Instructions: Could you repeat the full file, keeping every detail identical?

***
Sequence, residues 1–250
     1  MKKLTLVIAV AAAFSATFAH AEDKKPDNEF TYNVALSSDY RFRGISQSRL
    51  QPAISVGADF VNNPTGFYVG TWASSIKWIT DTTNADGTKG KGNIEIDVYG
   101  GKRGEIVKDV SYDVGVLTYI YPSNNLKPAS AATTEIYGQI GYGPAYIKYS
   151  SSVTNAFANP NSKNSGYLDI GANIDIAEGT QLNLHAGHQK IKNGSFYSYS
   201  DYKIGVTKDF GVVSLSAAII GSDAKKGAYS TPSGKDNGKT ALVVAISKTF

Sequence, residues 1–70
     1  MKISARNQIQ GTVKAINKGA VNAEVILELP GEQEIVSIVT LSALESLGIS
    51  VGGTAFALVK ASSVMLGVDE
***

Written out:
Sequence, residues 1–250
     1  MKKLTLVIAV AAAFSATFAH AEDKKPDNEF TYNVALSSDY RFRGISQSRL
    51  QPAISVGADF VNNPTGFYVG TWASSIKWIT DTTNADGTKG KGNIEIDVYG
   101  GKRGEIVKDV SYDVGVLTYI YPSNNLKPAS AATTEIYGQI GYGPAYIKYS
   151  SSVTNAFANP NSKNSGYLDI GANIDIAEGT QLNLHAGHQK IKNGSFYSYS
   201  DYKIGVTKDF GVVSLSAAII GSDAKKGAYS TPSGKDNGKT ALVVAISKTF

Sequence, residues 1–70
     1  MKISARNQIQ GTVKAINKGA VNAEVILELP GEQEIVSIVT LSALESLGIS
    51  VGGTAFALVK ASSVMLGVDE